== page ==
Lab 7: Molecular Biology by 0eTO5TjJ

VIEWS: 4 PAGES: 2

									                                           Lab 4, Appendix 1: The Polymerase Chain Reaction


             APPENDIX 1: THE POLYMERASE CHAIN REACTION

        The polymerase chain reaction, or PCR, is a technique that allows for the
amplification of a specific target DNA sequence within a larger population of DNA (such
as the human genome). Using PCR, picogram quantities of target DNA can be amplified
to yield microgram quantities for subsequent biochemical analysis. In order to perform
PCR, the DNA sequence flanking both sides of the target must be known. (Note that
PCR cannot be used as a substitute for cloning unknown genes!) This information is used
to synthesize short oligonucleotides (single-stranded DNA, ~20 nucleotides long) that are
complementary to these flanking sequences. These oligonucleotides will be used as
“primers” to prime replication of the target DNA by DNA polymerase. (Note in the
diagrams below that these primers are complementary to opposite strands of the double
helix and thus their 3’ ends point towards each other when annealed to their
complementary sequence.). It should be easy to follow the first cycle of the replication
process. The target DNA is denatured into single strands by incubation at 94C, the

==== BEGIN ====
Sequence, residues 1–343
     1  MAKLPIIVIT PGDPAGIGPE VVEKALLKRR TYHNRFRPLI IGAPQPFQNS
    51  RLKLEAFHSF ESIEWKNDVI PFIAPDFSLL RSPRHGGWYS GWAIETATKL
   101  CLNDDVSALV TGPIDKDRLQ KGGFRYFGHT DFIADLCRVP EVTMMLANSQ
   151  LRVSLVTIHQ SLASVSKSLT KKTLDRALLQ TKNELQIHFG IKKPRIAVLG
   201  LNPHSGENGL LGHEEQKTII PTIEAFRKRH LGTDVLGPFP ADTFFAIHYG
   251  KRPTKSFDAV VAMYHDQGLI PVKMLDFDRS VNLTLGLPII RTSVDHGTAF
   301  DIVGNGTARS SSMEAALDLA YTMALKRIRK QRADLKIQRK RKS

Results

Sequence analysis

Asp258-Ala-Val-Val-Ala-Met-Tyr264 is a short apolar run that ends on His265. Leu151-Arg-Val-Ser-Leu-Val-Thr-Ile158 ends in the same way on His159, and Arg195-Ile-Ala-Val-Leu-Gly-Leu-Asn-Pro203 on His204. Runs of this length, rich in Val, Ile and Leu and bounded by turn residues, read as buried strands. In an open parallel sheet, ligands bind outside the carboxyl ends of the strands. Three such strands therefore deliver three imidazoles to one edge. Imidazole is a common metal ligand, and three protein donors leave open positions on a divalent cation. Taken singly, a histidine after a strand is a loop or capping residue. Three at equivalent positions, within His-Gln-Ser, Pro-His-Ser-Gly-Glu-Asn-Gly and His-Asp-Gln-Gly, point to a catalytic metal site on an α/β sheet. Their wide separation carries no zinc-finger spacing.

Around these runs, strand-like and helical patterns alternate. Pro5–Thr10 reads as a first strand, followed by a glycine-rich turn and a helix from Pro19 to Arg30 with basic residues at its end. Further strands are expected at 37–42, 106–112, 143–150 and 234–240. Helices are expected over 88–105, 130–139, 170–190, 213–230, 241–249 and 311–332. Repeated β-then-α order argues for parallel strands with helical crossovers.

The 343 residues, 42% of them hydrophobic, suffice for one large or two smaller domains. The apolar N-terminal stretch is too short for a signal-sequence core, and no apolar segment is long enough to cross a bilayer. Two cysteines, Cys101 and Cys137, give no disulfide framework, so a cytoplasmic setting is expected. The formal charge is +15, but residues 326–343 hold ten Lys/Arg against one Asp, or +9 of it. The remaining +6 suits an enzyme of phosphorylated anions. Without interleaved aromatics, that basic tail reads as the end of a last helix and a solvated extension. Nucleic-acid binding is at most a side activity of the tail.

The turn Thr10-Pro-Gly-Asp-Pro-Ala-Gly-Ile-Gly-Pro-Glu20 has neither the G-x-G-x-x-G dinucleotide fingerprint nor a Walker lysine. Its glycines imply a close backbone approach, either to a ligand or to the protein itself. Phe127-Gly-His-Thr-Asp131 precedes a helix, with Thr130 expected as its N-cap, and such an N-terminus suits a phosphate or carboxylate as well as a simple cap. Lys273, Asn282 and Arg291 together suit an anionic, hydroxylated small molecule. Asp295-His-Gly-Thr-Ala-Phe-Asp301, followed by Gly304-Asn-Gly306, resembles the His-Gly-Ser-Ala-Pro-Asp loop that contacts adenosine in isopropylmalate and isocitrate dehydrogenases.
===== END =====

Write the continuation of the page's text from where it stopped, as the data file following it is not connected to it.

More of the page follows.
primers are allowed to anneal to their complementary sequences by reducing the
temperature to 60C, and finally the temperature is elevated to 72C to allow DNA
polymerase to replicate the target by extending from the 3’ end of the primers. (The
exact temperatures for each of these steps vary between different PCR protocols and are
dependent on the nucleotide composition of the primers being used. The temperatures
given here are those used in our ABO gene PCR protocol.)
                                                     region of
                                                    target gene
        5’                                                                   3’
        3’                                                                   5’
                                           denature
        5’                                                                   3’

        3’                                                                   5’
                                          anneal primers to sequences
                                          flanking gene
        5’                                                                   3’
                                                                  3’    5’
                                          5’        3’
        3’                                                                   5’
                                           extend from primers with
                                           DNA polymerase
        5’                                                                   3’
        3’                                                              5’
                                          5’                                 3’
        3’                                                                   5’


        What has just been described is one cycle of replication. The “chain reaction”
part of PCR involves repeated cycles of replication, involving repeated denaturation,
annealing, and extension steps, so that the replication products of one cycle become